Repurposed Men’s Sweater Vest

by - 10:48 AM

Turning a give-away into a Belly-Protecting Doggy Coat

It was just a few short months ago where it was still snowing here in New England, the sloppy kind too, wet, slushy and cold.  If I had to drag my belly through that just to go to the john I would be miserable.  For that very reason I grabbed an old wool men’s vest to throw onto my low-to-the-ground basset hound terrier to protect her “under carriage” from a particularly wet and slushy afternoon walk.

Now, when I tell you that there was special magic that went into the biology to make this dog I am not exaggerating.  Many times on walks I see people blur their eyes to take in all of her gloriousness, a children’s book illustrator has even stopped me so she could take pictures for future drawings.  It’s not that Ginger isn’t cute, it’s just that people aren’t sure what they are looking at when they see her.

The Lovely Ginger
So, it’s almost impossible to buy anything for her that will take into consideration her unusual small, but big dog body and barrel chest.   I grabbed something out of a “give away” bag just to see if I could keep her dry and it wasn’t until the walk did I realize the jewel that had been in my hands.  A men’s wool sweater vest, long abandoned by my husband from his newspaper days, had been tossed into the bag for some one else to realize it’s awesomeness, luckily I realized it before it was gone for good.

The first time I slapped it on her to protect her from the slush that awaited us, I used some clips to tighten here and there, I admit she looked even more raggedy than she usually looked.  When we got home though, the sweater was full of slush and ice had kept her belly warm and dry.   Since the sweater is wool I shook it out and hung it to dry.  Simple!

I decided that if she were to keep wearing the sweater that I should customize it but since this was my first repurposing project it took me a few days to get the courage to cut it apart because I wasn’t sure that the wool wouldn’t unravel.   Honestly, I think the vest had been washed enough times to become a little felted so the felting helped the project. 

I started by measuring from the back of her shoulders to her rear end and then again under her belly to where I thought that she wouldn’t pee on it, there isn’t any use making a nice coat for your doggy if their going to pee on it! 

I cut right along the seams...
then I cut a curve to meet the bottom shortened length
Once I had these measurements I applied them to the sweater and cut away.  Since the bottom is shorter than the top I curved the top to keep the length but to meet the bottom shorter length.  Once I did that I plopped it onto her and fit it to her by pinning being careful not to prick her or that would have been then of the modeling session, she was such a good girl.!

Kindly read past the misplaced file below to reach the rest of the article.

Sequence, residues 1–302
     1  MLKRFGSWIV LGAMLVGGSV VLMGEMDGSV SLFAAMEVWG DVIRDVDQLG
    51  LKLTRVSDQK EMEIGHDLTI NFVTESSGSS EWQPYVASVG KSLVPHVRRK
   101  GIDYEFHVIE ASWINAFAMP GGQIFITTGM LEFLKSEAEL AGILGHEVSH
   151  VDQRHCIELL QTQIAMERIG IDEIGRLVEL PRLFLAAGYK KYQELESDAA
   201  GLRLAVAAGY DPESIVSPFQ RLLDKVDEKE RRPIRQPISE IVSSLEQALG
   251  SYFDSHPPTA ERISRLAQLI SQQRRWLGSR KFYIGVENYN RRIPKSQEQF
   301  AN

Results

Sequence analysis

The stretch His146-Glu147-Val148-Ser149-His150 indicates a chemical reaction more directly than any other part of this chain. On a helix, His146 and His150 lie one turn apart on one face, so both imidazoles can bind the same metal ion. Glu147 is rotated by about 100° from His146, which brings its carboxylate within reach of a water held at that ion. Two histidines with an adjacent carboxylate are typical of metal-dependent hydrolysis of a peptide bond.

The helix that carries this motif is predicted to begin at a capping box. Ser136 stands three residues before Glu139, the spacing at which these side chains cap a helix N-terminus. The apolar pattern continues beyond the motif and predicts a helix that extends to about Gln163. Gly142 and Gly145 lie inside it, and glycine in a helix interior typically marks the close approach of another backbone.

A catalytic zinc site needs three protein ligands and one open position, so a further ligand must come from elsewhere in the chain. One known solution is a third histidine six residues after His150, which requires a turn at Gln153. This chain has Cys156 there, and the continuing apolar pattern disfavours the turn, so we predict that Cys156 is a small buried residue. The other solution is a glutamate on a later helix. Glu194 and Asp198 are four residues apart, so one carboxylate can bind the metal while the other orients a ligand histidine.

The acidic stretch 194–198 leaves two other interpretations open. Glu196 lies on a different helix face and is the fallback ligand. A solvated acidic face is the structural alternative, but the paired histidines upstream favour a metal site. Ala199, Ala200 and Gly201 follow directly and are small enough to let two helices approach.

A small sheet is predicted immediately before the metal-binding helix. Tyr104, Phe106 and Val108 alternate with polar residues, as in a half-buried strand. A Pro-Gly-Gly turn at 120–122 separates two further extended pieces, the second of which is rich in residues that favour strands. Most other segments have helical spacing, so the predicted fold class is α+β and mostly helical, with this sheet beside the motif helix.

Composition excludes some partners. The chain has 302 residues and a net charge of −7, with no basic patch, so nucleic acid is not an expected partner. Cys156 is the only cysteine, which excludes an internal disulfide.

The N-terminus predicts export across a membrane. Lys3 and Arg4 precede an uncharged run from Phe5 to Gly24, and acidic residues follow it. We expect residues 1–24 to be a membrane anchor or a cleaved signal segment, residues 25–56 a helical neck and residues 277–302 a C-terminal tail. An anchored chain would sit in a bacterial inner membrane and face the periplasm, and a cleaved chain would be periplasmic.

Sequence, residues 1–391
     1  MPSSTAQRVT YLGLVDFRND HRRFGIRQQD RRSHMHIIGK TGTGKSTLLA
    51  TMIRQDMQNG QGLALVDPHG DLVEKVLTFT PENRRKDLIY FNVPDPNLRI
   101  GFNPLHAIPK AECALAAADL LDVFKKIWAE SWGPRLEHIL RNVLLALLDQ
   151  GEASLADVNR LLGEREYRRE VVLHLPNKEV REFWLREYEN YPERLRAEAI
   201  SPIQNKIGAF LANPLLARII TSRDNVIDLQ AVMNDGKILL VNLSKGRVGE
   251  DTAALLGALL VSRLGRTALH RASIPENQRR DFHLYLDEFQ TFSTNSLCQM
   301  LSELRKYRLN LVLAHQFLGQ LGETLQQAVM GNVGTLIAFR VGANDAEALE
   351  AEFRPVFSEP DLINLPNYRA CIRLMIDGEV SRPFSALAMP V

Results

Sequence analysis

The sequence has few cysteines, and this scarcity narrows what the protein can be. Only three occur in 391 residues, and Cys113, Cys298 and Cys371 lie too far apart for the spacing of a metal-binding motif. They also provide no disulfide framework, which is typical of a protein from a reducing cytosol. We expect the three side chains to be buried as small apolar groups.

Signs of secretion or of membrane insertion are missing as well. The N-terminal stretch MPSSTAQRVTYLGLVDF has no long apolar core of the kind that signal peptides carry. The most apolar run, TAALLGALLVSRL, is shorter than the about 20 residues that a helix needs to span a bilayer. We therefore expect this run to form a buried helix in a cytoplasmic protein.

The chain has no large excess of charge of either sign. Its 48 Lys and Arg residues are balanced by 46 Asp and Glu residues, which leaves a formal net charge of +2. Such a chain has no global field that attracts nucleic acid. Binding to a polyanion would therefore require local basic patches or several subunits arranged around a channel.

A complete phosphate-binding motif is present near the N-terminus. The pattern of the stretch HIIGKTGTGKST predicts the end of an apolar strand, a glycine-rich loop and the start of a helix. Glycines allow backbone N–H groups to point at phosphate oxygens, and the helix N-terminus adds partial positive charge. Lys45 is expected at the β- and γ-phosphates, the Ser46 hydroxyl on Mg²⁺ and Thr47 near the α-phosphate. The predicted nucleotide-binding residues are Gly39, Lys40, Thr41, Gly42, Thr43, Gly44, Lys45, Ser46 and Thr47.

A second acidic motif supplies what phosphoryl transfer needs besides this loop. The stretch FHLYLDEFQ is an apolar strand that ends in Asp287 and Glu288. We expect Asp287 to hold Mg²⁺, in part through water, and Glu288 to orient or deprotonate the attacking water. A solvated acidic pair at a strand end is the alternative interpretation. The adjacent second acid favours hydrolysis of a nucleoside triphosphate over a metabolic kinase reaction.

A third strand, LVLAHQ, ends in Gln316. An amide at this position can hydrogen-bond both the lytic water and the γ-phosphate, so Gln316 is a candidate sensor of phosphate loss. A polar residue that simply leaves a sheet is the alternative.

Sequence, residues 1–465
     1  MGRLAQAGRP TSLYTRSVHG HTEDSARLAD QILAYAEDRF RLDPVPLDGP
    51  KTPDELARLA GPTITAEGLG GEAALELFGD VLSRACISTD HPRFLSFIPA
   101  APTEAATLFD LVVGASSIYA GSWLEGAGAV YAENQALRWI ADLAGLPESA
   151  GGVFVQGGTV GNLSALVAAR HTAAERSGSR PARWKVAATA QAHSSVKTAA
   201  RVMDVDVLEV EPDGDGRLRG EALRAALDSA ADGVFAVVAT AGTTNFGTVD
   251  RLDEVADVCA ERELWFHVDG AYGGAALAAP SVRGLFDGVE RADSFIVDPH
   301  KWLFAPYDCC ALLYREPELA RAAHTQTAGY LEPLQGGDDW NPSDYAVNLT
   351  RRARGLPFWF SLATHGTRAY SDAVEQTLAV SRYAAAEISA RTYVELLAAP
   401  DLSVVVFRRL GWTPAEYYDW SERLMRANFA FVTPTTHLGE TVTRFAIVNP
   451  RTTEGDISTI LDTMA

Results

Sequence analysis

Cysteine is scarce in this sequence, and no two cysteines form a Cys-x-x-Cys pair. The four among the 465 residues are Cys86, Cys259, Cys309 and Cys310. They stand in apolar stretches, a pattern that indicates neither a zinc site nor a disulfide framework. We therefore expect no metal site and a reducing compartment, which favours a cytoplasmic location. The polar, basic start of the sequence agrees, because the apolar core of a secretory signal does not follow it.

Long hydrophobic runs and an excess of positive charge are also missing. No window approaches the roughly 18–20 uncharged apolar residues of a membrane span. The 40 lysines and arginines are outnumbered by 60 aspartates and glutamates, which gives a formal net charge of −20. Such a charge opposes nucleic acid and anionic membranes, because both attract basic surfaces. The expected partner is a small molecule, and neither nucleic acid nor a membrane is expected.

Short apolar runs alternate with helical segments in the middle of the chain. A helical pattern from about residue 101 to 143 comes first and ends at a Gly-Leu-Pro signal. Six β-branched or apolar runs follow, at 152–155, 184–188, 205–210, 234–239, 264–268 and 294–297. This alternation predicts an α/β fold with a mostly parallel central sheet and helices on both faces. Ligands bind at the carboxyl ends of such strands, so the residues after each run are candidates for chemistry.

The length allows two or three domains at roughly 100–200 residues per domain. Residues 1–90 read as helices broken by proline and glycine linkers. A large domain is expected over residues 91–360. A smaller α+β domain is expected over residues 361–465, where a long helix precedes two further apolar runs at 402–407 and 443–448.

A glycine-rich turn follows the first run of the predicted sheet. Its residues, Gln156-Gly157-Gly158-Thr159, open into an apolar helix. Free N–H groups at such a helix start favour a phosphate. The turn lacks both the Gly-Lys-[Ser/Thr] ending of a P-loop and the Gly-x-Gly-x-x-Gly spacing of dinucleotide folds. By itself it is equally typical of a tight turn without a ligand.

I included some darts at the shoulders so that the whole thing would drape nicely on her and then added edging with some bias tape to support the edges of the sweater from wear and tear and give it a finished look.  To quote where I found a great tutorial on darts: "Darts are really essential for a great fitting garment" and I think this also applies to doggy garments.  Once the fitting and edging was done the fun begins, I began to play with how to keep the whole thing on with a cool buckle and some strapping and had the closure connect by bringing the bottom up over the top. 

See how nicely the fabric is beginning to shape with the
addition of darts? 
This looks great but it's not practical for a rough and tough
dog like Ginger, the way I have the bottom folding up
over the top will snag on stuff I think.
I experimented with this method with pins to see how it would function but found it impractical to do this way.  Ultimately I decided to have the bottom affixed by the strapping around the narrowest part of her waist connecting under the top of the coat and then the top held down by a piece of Velcro to the strapping at the middle of the back and down on the sides so that it wouldn’t blow up with a good wind.  To hide the sewn on strapping I made a faux belt for the top.

I love this part, deciding on what buttons to add was hard!

I finally decided on the fish!
So, what to do with the extra material?  I made pockets to attach to either side of her hindquarters.  For decoration, I played around a little too long with different colored buttons and some felted flowers but finally decided that a good old New England fisherman sweater  would suit her and I completed the look using wooden and bone fish buttons.   

Funny thing is, once I finished the sweater coat the weather turned gorgeous and she is now sitting in her favorite chair, panting as the heat of the day dissipates, she will likely drift into doggy sleep and cool herself down with a dream of running through the woods on a cold day where all the animals are looking at her in awe as she whips by them with her new sweater on.

There's no need for a sweater today and Ginger's favorite patch of grass has sprouted!

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  1. Fan-damn-tastic piece of blogging here....


  2. Neat idea. I tend to throw old sweaters etc. in the garage dog house. Baron makes a nest of them...:)

    1. I love when they make their nests, another great idea for the use of old sweaters!